## Quick Reference

An expression that asserts the equality of two terms. To be precise, an equation has the following form. Let Σ be a signature and let *t*1(*X*1,…, *Xn*) and *t*2(*X*1,…, *Xn*) be two terms over Σ involving the variables *X*1,…, *Xn*. Then

*t*1(*X*1,…, *Xn*) = *t*2(*X*1,…, *Xn*)

is an equation.

Equations are a natural means of expressing possible relationships between the functions in a signature. In fact, the equations can be used to specify or define the functions uniquely using initial algebra semantics (see equational specification).

Most systems in science and engineering are described mathematically using equations. Two stages are involved: a mathematical model of the system is made using sets and functions; some functions are known and others are to be found. Equations are postulated to define the unknown functions in terms of one another and the known functions. Research has shown that the same process is possible for computing systems. Indeed, theoretically it is known that any computing system, or any physical system that can be faithfully modeled using digital computation, can be characterized by small sets of equations. See also computable algebra.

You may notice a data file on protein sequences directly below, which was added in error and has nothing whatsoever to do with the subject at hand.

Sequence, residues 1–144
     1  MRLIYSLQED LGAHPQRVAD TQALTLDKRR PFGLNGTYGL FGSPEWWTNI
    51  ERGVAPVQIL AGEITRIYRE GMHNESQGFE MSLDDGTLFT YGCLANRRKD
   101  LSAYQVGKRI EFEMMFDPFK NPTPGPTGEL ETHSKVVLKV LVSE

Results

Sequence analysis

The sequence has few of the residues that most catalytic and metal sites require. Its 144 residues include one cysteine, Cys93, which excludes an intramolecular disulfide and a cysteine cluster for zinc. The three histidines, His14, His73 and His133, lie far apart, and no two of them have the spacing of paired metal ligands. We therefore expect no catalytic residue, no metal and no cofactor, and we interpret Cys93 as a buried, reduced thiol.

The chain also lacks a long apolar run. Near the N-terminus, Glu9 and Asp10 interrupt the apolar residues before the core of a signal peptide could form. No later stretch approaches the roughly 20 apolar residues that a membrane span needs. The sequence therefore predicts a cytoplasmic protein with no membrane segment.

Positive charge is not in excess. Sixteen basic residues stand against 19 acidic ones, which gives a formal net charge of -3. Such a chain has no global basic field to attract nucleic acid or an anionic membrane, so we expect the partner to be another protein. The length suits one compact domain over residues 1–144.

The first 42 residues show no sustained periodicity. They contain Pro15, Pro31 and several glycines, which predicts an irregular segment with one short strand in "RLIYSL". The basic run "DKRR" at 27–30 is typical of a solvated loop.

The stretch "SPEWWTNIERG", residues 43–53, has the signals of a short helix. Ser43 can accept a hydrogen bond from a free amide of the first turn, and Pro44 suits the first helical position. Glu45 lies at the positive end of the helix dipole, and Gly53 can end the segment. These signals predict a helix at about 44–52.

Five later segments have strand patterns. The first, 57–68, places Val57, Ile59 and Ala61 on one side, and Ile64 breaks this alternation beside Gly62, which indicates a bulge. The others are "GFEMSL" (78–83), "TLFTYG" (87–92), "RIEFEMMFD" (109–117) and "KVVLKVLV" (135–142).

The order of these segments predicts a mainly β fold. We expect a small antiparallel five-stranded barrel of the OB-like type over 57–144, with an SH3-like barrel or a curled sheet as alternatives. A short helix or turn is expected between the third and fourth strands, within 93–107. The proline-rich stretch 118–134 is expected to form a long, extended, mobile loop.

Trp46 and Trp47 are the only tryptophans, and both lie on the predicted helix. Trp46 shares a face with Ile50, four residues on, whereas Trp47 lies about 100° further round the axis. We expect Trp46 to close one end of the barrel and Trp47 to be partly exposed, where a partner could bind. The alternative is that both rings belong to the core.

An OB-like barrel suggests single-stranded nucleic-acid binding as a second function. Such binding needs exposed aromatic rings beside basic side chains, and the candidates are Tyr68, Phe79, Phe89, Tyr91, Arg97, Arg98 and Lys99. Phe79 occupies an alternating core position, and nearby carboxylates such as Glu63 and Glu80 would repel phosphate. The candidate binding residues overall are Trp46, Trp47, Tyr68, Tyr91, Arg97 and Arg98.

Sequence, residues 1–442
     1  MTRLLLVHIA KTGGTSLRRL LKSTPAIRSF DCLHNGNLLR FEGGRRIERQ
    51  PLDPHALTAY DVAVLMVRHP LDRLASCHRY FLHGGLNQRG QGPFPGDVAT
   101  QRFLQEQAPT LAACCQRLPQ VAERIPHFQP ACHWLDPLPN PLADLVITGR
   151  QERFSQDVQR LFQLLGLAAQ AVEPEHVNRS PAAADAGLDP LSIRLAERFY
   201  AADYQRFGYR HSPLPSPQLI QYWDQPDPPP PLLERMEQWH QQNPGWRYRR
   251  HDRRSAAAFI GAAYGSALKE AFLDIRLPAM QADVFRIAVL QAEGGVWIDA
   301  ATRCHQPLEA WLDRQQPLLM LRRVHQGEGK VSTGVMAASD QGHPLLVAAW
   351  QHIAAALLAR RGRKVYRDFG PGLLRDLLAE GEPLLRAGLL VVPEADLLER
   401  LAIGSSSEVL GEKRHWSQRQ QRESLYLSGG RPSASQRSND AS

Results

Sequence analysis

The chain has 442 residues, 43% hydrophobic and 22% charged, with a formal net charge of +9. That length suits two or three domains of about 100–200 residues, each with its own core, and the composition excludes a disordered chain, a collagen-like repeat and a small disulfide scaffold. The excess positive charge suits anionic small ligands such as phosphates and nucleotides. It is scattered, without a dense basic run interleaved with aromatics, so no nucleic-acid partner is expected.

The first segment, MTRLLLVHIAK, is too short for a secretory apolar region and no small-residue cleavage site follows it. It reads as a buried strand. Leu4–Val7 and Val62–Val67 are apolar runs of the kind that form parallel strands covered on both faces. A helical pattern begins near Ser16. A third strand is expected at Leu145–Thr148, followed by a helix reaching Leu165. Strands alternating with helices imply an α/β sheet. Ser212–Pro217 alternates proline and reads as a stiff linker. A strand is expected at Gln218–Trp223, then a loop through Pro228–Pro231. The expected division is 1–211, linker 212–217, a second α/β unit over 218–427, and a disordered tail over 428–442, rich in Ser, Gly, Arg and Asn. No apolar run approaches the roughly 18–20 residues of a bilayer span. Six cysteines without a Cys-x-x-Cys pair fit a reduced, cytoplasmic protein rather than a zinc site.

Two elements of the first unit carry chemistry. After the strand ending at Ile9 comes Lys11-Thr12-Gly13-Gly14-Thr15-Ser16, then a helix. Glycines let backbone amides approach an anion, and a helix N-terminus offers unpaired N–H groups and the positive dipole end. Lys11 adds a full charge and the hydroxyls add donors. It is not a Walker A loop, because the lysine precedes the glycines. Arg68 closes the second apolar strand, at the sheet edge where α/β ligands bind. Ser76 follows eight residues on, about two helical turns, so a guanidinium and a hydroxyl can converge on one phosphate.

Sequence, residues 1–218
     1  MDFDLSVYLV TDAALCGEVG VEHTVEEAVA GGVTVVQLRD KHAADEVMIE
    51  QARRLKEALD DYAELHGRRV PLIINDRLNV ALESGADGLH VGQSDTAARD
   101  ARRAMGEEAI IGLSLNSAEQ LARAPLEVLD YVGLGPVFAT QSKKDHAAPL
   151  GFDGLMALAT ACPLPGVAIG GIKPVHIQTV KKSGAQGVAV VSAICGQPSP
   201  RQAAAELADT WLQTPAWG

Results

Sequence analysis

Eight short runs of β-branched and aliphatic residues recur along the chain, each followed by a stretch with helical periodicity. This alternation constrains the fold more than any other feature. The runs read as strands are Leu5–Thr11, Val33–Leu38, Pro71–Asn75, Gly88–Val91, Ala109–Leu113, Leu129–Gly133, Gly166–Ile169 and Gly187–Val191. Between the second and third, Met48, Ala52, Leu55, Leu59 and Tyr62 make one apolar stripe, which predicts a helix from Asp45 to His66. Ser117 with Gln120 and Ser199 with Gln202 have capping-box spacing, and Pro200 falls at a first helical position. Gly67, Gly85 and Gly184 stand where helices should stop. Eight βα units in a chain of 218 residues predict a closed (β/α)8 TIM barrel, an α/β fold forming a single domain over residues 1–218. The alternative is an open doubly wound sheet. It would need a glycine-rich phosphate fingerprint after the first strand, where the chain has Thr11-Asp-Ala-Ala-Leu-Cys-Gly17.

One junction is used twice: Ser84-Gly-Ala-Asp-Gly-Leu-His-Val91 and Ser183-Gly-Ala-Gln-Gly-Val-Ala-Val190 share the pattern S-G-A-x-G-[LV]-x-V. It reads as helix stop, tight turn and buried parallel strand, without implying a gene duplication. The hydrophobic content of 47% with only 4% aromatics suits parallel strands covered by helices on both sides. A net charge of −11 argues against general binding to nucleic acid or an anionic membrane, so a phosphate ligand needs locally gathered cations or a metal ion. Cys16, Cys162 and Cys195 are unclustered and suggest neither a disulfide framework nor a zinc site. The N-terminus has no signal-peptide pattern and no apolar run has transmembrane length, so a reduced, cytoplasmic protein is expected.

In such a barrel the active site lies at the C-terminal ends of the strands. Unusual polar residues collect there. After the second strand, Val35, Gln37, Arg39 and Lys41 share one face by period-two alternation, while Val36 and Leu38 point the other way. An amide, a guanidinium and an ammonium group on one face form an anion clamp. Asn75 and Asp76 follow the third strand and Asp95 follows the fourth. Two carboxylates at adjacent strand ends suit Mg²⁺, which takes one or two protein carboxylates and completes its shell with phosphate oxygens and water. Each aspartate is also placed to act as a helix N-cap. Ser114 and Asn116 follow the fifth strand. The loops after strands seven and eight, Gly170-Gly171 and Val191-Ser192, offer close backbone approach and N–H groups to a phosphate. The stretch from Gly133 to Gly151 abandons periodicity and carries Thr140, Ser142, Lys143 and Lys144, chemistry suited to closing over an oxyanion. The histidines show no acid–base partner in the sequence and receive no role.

**From:**
equation
in
A Dictionary of Computing »

*Subjects:*
Computing.

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